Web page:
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Lyr Req: She Moved through the Fair: Gaelic

DigiTrad:
SHE MOVED THROUGH THE FAIR


Related threads:
(origins) Origins: She Moves through the Fair (161)
Tune Req: She Moved Through The Fair (17)
She Moved Through The Fair (17)
Lyr Req: She Moves through the Fair (30)
(origins) Origin: She Moved Through the Fair (81)
Lyr Req: She Moved through the Fair (18)
Lyr Add: 'She moved through the fair' versions (24)
She moved through the fair - repeats? (6)
Tune Req: She Moved through the Fair (17)
She Moved Through the Fair - advice (70)
Lyr Req: She Moved Through the Faire parody-d (10)
Lyr Req: He Moved through the Fair (35)
Lyr Req: She Moves through the Fair (13)
Lyr Req: she walked through the fair / She Moved.. (9) (closed)
Help: Davey Graham: She moved through the fair (16)
She Moved through the Fair - recordings (13)
Lyr/Chords Req: She Moved through the Fair (6)
Chords Req: She Moved through the Fair (4)


Benjamin Bodhránaí 12 Aug 98 - 07:09 PM
Mulligan 12 Aug 98 - 07:34 PM
Brían 10 Jul 01 - 02:53 PM
GUEST,Annraoi 11 Jul 01 - 02:47 PM
Brían 11 Jul 01 - 07:05 PM
Brían 11 Jul 01 - 09:26 PM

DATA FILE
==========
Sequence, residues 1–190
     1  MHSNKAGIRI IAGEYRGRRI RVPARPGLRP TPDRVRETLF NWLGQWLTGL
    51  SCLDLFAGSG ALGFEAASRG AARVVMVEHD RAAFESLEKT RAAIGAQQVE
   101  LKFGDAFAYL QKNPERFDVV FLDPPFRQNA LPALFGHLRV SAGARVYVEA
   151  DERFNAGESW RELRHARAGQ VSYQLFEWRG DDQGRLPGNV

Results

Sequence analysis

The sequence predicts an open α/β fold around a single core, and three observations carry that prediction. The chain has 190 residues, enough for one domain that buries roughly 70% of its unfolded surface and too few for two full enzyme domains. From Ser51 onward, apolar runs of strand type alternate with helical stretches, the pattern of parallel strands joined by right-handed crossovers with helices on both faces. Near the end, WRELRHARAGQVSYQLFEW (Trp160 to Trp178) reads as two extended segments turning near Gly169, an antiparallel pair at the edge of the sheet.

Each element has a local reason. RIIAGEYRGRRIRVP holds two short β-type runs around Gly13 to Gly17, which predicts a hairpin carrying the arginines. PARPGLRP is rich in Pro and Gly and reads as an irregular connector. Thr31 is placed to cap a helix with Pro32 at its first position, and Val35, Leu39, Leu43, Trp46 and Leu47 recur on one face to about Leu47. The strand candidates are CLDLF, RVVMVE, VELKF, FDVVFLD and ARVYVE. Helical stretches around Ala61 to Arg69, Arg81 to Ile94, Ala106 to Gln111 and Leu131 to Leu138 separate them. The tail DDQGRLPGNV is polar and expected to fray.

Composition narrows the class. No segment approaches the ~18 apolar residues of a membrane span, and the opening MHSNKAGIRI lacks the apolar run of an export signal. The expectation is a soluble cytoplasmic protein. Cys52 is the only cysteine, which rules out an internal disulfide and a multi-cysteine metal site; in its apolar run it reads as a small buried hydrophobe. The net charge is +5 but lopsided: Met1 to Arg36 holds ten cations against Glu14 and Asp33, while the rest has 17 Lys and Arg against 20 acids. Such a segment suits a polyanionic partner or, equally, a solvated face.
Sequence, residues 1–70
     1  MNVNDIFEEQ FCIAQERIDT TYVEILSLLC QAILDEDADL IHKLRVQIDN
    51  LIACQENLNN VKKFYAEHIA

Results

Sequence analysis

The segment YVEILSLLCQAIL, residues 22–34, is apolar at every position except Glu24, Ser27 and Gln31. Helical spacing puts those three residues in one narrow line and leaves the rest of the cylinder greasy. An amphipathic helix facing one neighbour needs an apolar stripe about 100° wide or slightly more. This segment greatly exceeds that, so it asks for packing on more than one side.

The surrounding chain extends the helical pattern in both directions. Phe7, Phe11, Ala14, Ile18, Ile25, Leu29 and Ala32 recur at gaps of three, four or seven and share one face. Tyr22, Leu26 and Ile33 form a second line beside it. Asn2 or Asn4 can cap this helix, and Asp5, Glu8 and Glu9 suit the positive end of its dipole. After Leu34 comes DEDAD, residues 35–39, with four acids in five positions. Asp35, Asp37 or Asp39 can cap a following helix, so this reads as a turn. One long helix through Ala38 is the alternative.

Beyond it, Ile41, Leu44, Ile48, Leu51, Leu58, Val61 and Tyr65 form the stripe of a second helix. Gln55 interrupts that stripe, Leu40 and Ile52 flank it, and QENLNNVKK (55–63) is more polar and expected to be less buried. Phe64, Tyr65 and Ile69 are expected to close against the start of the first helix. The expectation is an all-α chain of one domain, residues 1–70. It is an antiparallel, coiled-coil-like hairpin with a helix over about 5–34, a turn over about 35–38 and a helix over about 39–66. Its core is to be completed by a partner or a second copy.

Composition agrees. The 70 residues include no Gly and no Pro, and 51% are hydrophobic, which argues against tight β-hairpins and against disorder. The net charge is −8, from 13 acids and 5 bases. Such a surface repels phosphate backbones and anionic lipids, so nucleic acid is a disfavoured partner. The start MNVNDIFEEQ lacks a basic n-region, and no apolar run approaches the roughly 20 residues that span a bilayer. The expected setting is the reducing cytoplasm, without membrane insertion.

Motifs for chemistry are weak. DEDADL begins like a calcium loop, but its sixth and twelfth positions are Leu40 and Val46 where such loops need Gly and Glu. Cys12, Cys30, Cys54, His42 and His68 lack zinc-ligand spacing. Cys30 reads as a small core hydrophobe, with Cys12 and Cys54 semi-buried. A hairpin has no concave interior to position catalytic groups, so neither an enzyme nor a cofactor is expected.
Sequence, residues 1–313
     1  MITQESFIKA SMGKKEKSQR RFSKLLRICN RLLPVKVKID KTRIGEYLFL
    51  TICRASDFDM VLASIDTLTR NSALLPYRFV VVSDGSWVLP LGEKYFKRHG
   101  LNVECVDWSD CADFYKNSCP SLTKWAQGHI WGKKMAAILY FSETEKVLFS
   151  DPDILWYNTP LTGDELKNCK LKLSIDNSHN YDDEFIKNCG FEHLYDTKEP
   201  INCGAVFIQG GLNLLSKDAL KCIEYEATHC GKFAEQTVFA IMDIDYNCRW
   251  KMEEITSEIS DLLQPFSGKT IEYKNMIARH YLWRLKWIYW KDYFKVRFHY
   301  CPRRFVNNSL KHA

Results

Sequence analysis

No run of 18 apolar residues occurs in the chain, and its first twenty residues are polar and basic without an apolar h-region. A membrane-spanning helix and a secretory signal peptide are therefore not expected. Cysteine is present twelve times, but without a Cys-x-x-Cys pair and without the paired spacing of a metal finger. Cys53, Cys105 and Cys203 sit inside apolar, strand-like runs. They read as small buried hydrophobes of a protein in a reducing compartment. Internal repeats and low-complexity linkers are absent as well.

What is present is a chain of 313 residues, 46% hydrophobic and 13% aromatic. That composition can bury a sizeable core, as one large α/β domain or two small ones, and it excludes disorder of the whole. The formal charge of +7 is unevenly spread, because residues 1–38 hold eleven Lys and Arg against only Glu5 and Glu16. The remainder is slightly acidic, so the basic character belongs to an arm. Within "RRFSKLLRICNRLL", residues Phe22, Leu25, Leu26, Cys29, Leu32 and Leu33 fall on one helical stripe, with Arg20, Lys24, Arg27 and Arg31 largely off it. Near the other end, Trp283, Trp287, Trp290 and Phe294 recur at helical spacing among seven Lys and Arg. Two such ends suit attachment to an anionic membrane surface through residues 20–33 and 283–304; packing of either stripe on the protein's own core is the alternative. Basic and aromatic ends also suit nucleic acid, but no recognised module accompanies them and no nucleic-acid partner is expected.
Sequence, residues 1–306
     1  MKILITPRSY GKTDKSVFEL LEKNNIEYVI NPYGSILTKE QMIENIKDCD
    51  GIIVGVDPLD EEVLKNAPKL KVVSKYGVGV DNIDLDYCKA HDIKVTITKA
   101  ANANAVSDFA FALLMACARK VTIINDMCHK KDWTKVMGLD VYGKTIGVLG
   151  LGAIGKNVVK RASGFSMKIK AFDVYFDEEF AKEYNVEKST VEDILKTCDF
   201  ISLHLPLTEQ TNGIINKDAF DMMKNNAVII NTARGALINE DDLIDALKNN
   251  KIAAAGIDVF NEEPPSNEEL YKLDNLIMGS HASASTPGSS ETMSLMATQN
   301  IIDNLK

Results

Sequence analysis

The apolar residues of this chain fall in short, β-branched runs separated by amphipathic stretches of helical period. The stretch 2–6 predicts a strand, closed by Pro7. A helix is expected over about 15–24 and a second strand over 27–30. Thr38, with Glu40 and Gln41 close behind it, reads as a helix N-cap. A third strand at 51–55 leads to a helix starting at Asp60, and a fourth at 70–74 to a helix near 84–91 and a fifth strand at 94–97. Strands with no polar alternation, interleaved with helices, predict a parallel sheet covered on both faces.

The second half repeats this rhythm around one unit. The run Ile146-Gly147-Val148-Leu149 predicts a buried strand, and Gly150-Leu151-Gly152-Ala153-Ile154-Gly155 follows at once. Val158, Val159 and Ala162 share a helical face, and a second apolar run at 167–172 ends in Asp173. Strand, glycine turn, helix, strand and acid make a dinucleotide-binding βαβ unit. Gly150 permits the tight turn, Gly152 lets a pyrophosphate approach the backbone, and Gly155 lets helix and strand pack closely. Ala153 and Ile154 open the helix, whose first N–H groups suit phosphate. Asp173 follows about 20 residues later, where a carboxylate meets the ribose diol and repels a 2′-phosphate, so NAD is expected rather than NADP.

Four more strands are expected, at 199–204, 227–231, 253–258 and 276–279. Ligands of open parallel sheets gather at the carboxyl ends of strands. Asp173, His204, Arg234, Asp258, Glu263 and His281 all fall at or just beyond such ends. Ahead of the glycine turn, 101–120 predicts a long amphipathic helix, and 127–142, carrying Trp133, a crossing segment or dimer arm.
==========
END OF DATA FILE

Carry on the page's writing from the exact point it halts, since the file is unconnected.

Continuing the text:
Malcolm Douglas 12 Jul 01 - 06:12 AM
Lox 12 Jul 01 - 06:18 AM
Paddy Plastique 12 Jul 01 - 06:29 AM
Malcolm Douglas 12 Jul 01 - 06:33 AM
Lox 12 Jul 01 - 06:36 AM
GUEST,Philippa 12 Jul 01 - 12:53 PM
Brían 12 Jul 01 - 02:05 PM
Brían 14 Jul 01 - 10:23 AM
Malcolm Douglas 14 Jul 01 - 10:46 AM
Brían 14 Jul 01 - 11:04 AM
GUEST 15 Jul 01 - 05:56 AM
George Seto - af221@chebucto.ns.ca 15 Jul 01 - 09:39 AM
Brían 16 Jul 01 - 01:35 PM
GUEST,Philippa 12 Jan 04 - 02:09 PM
GUEST,guesat mick 13 Jan 04 - 11:00 AM
GUEST,Anne 17 Sep 04 - 12:21 PM
GUEST,HughM 17 Sep 04 - 03:54 PM
GUEST,willis 14 Feb 06 - 05:34 PM
GUEST 14 Feb 06 - 09:56 PM
Malcolm Douglas 14 Feb 06 - 10:34 PM
GUEST,Coventry 02 Apr 08 - 11:45 PM
Suegorgeous 03 Apr 08 - 07:31 PM
George Seto - af221@chebucto.ns.ca 03 Apr 08 - 11:12 PM
maire-aine 03 Apr 08 - 11:16 PM
GUEST 04 Apr 08 - 02:57 PM
GUEST,Suegorgeous 04 Apr 08 - 03:23 PM
Suegorgeous 06 Apr 08 - 12:18 AM
Suegorgeous 07 Apr 08 - 09:11 PM
George Seto - af221@chebucto.ns.ca 07 Apr 08 - 10:20 PM
GUEST 21 Mar 09 - 09:59 AM
Suegorgeous 21 Mar 09 - 07:32 PM
English Jon 22 Mar 09 - 10:19 AM
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Subject: She moved through the fair:Gaelic
From: Benjamin Bodhránaí
Date: 12 Aug 98 - 07:09 PM

Hi all,

does anyone know of any lyrics in Gaelic to this standard.

They don't even have to be particularly related to the English version, though that would be good

Buíochas

Benjamin


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Subject: RE: She moved through the fair:Gaelic
From: Mulligan
Date: 12 Aug 98 - 07:34 PM

I have heard a version in gaelic called "Sad Wedding Day" it is on Ashley McIssac's CD "hi, how are you today?" It is a terrific arrangement, you should give it a listen. I am afraid that I haven't seen a transcript of those lyrics , however. But, perhaps knowing that alternate title will help you in your search. Dan Mulligan